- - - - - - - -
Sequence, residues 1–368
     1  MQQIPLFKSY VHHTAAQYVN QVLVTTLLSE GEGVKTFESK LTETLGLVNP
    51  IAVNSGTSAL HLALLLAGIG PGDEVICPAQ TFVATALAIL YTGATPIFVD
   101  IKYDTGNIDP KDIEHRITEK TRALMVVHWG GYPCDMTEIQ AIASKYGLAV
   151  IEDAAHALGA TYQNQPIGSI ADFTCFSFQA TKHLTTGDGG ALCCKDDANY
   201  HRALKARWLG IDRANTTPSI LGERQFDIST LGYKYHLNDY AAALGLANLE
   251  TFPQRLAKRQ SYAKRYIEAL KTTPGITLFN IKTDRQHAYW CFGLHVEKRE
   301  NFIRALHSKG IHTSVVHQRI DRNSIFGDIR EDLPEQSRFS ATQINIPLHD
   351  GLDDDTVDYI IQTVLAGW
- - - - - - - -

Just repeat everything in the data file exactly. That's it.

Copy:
Sequence, residues 1–368
     1  MQQIPLFKSY VHHTAAQYVN QVLVTTLLSE GEGVKTFESK LTETLGLVNP
    51  IAVNSGTSAL HLALLLAGIG PGDEVICPAQ TFVATALAIL YTGATPIFVD
   101  IKYDTGNIDP KDIEHRITEK TRALMVVHWG GYPCDMTEIQ AIASKYGLAV
   151  IEDAAHALGA TYQNQPIGSI ADFTCFSFQA TKHLTTGDGG ALCCKDDANY
   201  HRALKARWLG IDRANTTPSI LGERQFDIST LGYKYHLNDY AAALGLANLE
   251  TFPQRLAKRQ SYAKRYIEAL KTTPGITLFN IKTDRQHAYW CFGLHVEKRE
   301  NFIRALHSKG IHTSVVHQRI DRNSIFGDIR EDLPEQSRFS ATQINIPLHD
   351  GLDDDTVDYI IQTVLAGW